December 2020International NewsAsia2020

China Pushes Borders into Areas of Bhutan, Straining Relations and Risking Dispute with India

Jasmine DeLeon
Staff Writer

In early October, China completed the construction of Pangda, a village of 100 people near the Torsa River in the Himalayas. Pangda is situated in Bhutan, a small Buddhist kingdom of 800,000 that borders southwest China. The construction of Pangda, as well as other Chinese territorial claims to Bhutan, adds further strain on already sensitive Sino-Bhutanese and Sino-Indian relations.

According to The New York Times, Pangda is located near the Doklam Plateau, the site of clashes between Chinese and Indian troops in 2017. These clashes started when China began the  construction of a road into Bhutanese territory and India stepped in on behalf of Bhutan based on a security pact between the two countries. While Bhutan has close diplomatic ties with India, The Economic Times explains that Bhutan has evaded Chinese attempts to establish diplomatic relations.

Maxar Technologies, a space technology company based in Colorado, captured satellite images showing that China began constructing Pangda late last year and finished before National Day on October 1, reports The New York Times. More recent satellite images show that China may be preparing to make a move on the Doklam Plateau. TRT World states that Maxar Technologies captured satellite images that show “new military storage bunkers” seven kilometers away from Doklam.

The Doklam Plateau is an area of strategic concern for both India and China. According to the Asia Times, adding Doklam to Chinese territory would give China wider access to the Chumbi Valley, which is between western Bhutan and India. TRT World also reports that the Chumbi Valley gives China the ability to cut off India’s Siliguri Corridor as well. The Siliguri Corridor, which India calls the “Chicken’s Neck,” is the only land connection between India and its eight northeastern states, making it an important strategic area for India.

In June, China made its first claim to Sakteng Wildlife Sanctuary, a national park located in eastern Bhutan. However, China’s claim was rejected by Bhutan. According to BBC News, the 25th boundary discussion between the two countries was postponed this year due to the COVID-19 outbreak. Boundary discussions between the two nations  have been going on since 1984.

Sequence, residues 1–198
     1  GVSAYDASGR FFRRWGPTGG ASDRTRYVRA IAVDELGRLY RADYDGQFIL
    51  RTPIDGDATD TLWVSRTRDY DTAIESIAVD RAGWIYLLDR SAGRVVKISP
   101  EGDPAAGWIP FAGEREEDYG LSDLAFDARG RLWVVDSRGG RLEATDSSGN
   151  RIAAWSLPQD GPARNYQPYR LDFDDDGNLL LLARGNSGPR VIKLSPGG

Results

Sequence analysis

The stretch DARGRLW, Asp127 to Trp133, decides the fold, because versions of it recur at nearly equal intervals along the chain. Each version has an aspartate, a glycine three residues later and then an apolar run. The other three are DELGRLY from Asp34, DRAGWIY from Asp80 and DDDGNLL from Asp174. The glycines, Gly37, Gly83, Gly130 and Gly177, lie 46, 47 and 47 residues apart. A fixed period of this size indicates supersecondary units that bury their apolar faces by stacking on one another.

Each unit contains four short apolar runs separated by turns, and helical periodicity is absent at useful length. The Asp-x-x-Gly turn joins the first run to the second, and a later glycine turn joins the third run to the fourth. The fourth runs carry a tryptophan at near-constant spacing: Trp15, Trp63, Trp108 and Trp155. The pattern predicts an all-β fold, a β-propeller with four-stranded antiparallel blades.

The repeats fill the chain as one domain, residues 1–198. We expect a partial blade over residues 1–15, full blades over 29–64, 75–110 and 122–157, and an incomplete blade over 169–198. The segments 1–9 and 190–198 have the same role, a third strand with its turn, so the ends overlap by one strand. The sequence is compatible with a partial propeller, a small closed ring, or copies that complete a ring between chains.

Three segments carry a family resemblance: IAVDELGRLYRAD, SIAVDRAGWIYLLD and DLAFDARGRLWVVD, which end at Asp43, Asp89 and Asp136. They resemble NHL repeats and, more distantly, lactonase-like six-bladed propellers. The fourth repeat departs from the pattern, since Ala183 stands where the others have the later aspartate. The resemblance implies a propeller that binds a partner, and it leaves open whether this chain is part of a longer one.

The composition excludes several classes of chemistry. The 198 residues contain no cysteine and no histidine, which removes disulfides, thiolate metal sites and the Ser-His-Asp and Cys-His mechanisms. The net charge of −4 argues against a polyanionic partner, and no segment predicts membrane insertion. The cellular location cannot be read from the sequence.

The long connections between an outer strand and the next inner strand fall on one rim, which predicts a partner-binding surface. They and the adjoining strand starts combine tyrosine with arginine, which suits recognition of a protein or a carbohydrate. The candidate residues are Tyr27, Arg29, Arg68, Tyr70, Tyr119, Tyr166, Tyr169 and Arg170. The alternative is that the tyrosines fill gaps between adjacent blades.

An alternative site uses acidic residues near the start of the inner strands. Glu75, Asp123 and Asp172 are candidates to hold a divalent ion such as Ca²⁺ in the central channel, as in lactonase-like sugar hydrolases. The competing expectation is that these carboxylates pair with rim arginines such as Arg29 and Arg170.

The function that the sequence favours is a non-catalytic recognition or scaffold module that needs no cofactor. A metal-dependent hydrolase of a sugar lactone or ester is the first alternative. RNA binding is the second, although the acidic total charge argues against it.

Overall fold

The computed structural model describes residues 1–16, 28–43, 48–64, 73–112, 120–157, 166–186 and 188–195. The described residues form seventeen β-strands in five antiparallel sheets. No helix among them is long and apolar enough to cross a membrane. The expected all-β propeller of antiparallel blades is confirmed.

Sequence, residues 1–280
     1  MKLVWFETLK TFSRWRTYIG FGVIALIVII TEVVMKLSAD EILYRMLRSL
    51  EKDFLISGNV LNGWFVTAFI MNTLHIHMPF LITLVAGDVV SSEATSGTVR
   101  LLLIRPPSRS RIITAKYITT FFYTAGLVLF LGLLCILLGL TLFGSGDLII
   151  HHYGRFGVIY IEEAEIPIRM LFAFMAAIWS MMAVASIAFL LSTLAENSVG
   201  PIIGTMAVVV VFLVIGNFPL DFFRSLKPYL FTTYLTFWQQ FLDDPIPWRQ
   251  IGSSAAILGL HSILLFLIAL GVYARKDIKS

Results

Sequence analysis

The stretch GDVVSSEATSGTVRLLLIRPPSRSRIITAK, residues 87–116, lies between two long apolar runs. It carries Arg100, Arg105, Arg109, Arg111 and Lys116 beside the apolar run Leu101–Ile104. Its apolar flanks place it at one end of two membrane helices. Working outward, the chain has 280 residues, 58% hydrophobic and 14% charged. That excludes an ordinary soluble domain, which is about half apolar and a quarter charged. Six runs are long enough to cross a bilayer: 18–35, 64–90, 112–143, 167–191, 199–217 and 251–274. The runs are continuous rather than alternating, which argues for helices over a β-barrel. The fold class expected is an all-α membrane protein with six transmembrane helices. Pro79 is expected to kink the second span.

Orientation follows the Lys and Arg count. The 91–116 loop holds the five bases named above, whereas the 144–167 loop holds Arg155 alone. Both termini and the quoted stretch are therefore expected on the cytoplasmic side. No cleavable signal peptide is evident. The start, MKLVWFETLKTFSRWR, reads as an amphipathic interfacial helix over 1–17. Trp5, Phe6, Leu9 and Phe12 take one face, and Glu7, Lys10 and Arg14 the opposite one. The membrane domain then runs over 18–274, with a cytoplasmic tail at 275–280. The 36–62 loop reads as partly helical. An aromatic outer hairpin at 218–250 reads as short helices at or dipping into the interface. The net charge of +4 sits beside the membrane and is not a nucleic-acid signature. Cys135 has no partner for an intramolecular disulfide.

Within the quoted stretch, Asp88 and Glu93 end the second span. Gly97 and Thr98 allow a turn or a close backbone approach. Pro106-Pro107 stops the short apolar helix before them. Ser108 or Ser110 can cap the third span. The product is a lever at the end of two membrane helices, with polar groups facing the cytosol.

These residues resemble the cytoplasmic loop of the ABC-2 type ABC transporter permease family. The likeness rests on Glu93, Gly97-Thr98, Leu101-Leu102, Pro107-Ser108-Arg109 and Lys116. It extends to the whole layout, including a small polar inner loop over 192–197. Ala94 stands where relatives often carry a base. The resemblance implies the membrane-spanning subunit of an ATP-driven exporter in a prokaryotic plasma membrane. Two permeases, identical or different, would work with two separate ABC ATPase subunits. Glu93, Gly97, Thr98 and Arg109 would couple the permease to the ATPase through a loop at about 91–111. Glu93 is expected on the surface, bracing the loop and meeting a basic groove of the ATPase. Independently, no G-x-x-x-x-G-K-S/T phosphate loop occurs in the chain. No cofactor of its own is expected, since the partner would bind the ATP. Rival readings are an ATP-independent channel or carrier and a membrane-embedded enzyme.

In July, Wang Wenbin, a spokesperson for the Chinese Foreign Ministry, stated “The boundary between China and Bhutan is yet to be demarcated, and the middle, eastern and western sections of the border are disputed.”

Chinese maps do not reflect the country’s territorial claim to the Sakteng Wildlife Sanctuary. M. Taylor Fravel, Director of MIT’s Security Studies Program for the Center of International Studies and author of “Active Defense: China’s Military Strategy Since 1949,” tweeted about how Chinese maps show that the Sakteng Wildlife Sanctuary and its surrounding areas are located in Bhutan territory, and have shown that since 1962.

The building of Pangda and Chinese claims to Sakteng and surrounding areas are part of a larger pattern of territorial disputes by China in the Himalayas in connection with India. Over the summer, China engaged in a violent interaction with India over disputed frontier territory in the Galwan Valley. In June, Chinese and Indian troops clashed at the Himalayan border, which The New York Times  describes as the worst incident of violence between the two countries since the 1960s. Twenty Indian troops died during the clash in June while Chinese casualties remained unknown, leading to. protests in India against China.

Since the conflict, both China and India have been rushing reinforcements and supplies into the area. In September, Wang Yi, China’s foreign minister, and Subrahmanyam Jaishankar, India’s foreign minister, issued a statement pledging to “continue dialogue to disengage as quickly as possible,” reports The New York Times.

Abraham Denmark, Director of the Asia Program at The Wilson Center, said that the conflict in June “will likely be a watershed moment in India-China relations and the geopolitics of the Indo-Pacific… Both countries are led by men who have embraced nationalism, and both countries are facing tremendous domestic and international upheaval as a result of COVID-19 and other long-standing problems,” reports AP.

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